Tempting. Don’t want to hate yourself. Don’t want to face your resentment or anger toward her. Don’t want to accept that love comes packaged with bits of loathing, if you’re honest about it. Tempting, but a huge mistake. This is not the time to put up a wall, retreat, or leave! This is the time when the real work starts: when you tiptoe out onto that trust you’re building together, take a risk, and say what you’re feeling and thinking as if she were really listening and trying to “get it.” This is the time you remember she’s working for you, caring about you, trying to help you. You try to listen as if she were giving you a gift: understanding and accepting the “not so good” parts, a chance to go through the scary stuff with someone else, learn about and accept yourself, come out alive and still be in it together.

She can take it. And she’s not going to punish you for it. The therapist in her will appreciate your courage and honesty and the gift of your trust. Oh, truth be told she’ll hate it a little, too (the human being part of her, that is. No one likes to feel on the wrong side of someone else’s fury). But she’ll get over it. So will you. If you’ve chosen a therapist you feel comfortable enough to be honest with, and uncomfortable enough you know you’re getting to the real issues. If you stick it out together and remember you’re in it for a shared purpose: to help you learn about yourself and become the best version of you possible, out loud and with someone else hanging in, even when they’ve seen the worst (and the best) of you.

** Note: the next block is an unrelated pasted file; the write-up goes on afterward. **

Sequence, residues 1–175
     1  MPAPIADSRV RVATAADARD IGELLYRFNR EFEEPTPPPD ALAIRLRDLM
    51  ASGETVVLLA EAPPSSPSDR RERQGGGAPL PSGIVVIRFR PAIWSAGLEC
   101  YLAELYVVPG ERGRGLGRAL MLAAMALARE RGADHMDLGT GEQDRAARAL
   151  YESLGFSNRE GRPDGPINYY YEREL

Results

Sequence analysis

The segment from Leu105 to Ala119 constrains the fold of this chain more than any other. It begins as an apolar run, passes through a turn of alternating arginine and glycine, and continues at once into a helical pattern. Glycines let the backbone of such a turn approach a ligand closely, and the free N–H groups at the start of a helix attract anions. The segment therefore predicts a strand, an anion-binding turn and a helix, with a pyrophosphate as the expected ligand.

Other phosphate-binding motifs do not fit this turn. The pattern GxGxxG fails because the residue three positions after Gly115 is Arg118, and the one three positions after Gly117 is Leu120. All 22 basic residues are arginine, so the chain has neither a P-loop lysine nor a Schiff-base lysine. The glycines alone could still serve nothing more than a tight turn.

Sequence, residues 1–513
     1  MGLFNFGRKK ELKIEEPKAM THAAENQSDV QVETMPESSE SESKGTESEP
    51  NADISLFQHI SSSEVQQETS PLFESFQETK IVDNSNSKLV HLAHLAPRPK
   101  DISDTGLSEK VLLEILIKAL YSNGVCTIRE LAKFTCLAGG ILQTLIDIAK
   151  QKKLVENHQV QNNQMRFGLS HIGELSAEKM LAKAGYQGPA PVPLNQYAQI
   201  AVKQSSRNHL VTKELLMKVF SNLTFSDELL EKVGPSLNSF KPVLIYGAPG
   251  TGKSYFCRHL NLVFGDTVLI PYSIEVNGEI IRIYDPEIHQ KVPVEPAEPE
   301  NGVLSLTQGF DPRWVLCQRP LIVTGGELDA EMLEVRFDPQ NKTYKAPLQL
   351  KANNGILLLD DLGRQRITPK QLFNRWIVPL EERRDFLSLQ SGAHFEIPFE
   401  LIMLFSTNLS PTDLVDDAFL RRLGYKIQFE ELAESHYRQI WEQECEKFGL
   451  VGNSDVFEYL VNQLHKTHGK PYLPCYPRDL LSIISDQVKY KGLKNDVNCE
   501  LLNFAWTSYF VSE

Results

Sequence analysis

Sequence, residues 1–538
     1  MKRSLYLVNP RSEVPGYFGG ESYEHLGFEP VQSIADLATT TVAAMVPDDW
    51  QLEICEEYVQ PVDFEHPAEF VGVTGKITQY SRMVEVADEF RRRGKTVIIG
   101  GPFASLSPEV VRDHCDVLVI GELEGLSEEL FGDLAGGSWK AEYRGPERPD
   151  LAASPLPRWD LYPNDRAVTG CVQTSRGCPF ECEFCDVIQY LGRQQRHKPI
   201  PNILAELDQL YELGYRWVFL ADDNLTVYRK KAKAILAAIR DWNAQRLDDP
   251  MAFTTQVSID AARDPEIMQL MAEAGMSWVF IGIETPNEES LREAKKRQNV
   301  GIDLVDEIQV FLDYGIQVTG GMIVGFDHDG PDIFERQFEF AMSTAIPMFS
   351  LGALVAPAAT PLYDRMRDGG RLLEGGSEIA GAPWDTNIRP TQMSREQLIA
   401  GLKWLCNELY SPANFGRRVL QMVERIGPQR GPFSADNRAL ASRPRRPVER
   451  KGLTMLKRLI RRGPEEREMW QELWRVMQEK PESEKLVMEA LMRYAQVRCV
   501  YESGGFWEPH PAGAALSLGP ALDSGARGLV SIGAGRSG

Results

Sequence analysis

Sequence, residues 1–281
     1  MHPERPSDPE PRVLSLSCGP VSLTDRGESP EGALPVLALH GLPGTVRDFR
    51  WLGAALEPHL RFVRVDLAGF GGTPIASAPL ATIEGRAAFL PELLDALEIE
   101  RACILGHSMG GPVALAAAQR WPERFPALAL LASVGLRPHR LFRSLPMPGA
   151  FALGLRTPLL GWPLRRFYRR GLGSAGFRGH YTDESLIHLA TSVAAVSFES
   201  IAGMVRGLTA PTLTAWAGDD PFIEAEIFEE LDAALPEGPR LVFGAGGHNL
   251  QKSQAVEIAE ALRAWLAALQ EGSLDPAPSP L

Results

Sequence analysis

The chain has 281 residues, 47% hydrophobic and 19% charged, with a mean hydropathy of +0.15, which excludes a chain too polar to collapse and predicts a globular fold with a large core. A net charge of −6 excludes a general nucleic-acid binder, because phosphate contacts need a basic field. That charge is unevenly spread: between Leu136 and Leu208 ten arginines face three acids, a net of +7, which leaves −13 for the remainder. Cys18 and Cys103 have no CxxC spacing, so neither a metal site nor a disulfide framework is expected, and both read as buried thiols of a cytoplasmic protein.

Love and hate. Hate and love. What a combo!

* All of whom gave me permission to use their anecdotes – slightly disguised.

Copyright © 2009 Marlin S. Potash. All rights reserved.

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13 responses to “You and Your Therapist: Part III. On Hating and Loving Your Therapist

  1. What about a therapist who, at the end of a session, says “why don’t you just quit [therapy]? you’re being obnoxious,” then turns her back and waves her hands dismissively when I ask if quit then and there. This happened to me in March. After a 7 year relationship with her I have not gone back. I admit I’m stunned; I’m furious; and I never want to see her again. I’ve seen a consulting psychiatrist, who has talked to my former therapist and conveyed the message that I feel terribly hurt by what happened. The former therapist then said she is willing to see me again. I think the consulting therapist would like me to go back and deal with my anger with her. I can’t imagine going back and paying her one nickel when such treatment is possible. I am an intelligent, self-aware person; I did not deserve the disrespectful treatment I received. What should I do?